Jury clears Elon Musk of wrongdoing related to 2018 Tesla tweets
A jury has decided Elon Musk didn't deceive investors with tweets in 2018.
The verdict by the nine jurors was reached after less that two hours of deliberation following a three-week trial.
The trial pitted Tesla investors represented in a class-action lawsuit against Musk, who is CEO of both the electric automaker and the Twitter service he bought for for $44 billion a few months ago.
In 2018, Musk tweeted that he had the financing to take Tesla private even though it turned out he hadn't gotten an iron-clad commitment for an aborted deal that would have cost $20 billion to $70 billion to pull off.
It's a major vindication for Musk, whose integrity was at stake as well part of a fortune that has established him as one of the world's richest people. He could have been saddled with a bill for billions of dollars in damages had the jury found him liable for the 2018 tweets that had already been deemed falsehoods by the judge presiding over the trial.
After three hours of arguments wrapped up Friday, a nine-person jury began its deliberations in the civil case centered on two tweets Musk posted Aug. 7, 2018 about a Tesla buyout that never happened.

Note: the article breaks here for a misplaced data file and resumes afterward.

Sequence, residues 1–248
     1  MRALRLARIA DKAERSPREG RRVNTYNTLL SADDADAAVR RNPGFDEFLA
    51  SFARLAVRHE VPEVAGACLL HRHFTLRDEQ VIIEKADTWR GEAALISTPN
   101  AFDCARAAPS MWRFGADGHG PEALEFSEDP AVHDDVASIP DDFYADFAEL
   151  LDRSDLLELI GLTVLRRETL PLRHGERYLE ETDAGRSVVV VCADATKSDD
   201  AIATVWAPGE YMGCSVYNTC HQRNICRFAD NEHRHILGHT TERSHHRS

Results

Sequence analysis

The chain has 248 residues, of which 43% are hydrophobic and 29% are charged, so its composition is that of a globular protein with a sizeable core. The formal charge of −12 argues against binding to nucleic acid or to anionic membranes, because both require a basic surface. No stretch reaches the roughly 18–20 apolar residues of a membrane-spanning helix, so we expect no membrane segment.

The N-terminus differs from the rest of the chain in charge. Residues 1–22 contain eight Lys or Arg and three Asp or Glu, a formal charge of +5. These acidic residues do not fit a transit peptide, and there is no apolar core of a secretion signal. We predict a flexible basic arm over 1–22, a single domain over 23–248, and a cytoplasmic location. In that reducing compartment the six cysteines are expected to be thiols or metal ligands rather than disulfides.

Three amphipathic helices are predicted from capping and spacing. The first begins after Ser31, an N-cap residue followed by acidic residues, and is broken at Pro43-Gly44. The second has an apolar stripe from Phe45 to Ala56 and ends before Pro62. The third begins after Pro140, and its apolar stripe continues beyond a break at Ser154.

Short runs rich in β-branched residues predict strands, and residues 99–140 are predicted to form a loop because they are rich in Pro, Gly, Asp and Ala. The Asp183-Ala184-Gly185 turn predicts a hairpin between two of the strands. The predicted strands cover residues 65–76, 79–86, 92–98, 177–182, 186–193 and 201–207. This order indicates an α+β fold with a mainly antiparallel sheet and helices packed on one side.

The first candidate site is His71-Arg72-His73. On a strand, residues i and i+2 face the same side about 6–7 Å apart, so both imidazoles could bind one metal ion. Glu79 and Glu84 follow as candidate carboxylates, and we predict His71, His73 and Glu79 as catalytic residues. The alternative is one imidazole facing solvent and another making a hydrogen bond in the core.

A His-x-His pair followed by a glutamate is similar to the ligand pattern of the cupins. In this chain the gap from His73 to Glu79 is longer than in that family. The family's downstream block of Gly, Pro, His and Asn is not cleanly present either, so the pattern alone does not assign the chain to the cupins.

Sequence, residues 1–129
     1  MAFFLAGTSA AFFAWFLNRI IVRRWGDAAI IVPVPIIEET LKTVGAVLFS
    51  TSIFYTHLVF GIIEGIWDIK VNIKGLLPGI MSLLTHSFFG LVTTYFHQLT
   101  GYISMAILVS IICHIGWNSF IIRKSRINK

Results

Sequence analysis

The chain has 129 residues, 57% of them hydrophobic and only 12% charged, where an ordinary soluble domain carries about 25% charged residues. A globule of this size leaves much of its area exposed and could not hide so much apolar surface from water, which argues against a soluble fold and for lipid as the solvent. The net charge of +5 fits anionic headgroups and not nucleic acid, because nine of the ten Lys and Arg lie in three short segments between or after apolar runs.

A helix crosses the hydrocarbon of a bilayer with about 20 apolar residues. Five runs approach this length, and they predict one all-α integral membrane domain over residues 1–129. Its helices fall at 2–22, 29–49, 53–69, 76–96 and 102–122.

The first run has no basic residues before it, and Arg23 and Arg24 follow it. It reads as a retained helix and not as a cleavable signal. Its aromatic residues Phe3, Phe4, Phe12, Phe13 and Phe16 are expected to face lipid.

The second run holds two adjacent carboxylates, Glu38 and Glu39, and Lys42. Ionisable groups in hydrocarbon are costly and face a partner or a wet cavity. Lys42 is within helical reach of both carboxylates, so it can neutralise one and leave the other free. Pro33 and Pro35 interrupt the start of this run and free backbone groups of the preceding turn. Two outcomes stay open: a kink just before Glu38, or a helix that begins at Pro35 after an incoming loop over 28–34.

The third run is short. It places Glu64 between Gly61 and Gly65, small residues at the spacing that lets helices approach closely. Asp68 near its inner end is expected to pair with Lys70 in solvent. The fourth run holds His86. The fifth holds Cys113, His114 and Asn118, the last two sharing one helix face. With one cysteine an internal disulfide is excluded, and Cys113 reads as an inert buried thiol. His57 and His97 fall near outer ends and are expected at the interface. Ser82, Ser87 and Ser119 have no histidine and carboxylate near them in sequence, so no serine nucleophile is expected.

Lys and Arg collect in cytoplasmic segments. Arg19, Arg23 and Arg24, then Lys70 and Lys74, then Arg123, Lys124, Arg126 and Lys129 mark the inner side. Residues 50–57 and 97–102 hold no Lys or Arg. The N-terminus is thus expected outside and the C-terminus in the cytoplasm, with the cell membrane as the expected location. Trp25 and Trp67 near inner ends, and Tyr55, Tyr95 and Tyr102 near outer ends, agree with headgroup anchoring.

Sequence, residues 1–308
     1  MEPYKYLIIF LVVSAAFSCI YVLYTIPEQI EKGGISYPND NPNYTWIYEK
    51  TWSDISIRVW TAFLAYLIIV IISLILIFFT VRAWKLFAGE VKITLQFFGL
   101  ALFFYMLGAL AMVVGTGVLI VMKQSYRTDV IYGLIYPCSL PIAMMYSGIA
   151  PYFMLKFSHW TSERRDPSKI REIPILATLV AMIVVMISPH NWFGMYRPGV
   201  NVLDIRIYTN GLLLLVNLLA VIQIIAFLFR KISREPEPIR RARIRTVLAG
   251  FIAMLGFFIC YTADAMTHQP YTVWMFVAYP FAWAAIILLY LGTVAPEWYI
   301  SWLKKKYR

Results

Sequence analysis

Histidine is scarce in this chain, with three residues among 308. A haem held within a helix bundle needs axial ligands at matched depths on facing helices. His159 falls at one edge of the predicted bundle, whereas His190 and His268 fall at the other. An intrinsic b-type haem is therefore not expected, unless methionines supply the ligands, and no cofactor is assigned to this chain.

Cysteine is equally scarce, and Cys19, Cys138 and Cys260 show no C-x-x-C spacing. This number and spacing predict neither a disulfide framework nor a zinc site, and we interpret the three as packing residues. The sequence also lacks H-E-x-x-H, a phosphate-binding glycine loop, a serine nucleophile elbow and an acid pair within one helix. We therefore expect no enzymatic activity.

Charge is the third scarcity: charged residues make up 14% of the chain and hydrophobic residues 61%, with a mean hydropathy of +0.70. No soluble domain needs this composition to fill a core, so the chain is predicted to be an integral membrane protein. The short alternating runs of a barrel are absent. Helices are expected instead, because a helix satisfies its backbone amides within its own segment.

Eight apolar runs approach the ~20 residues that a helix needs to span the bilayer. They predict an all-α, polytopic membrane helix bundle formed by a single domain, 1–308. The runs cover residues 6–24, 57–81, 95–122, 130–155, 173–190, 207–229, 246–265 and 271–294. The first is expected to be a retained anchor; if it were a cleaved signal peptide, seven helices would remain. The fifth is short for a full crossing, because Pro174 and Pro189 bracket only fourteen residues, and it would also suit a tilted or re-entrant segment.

The first tweet, posted just before he boarded his private jet, Musk declared he had "funding secured" to take Tesla private. A few hours later, Musk sent another tweet indicating that the deal was imminent.
The tweets caused Twitter's stock to surge during a 10-day period covered by the lawsuit before falling back after Musk abandoned a deal in which he never had a firm financing commitment, based on evidence presented during the three-week trial.
During roughly eight hours on the stand earlier in the trial, Musk insisted he believed he had lined up the funds from Saudi Arabia's Public Investment Fund to take Tesla private after eight years as a publicly held company. He defended his initial August 2018 tweet as well-intentioned and aimed at ensuring all Tesla investors knew the automaker might be on its way to ending its run as a publicly held company.
"I had no ill motive," Musk testified. "My intent was to do the right thing for all shareholders."
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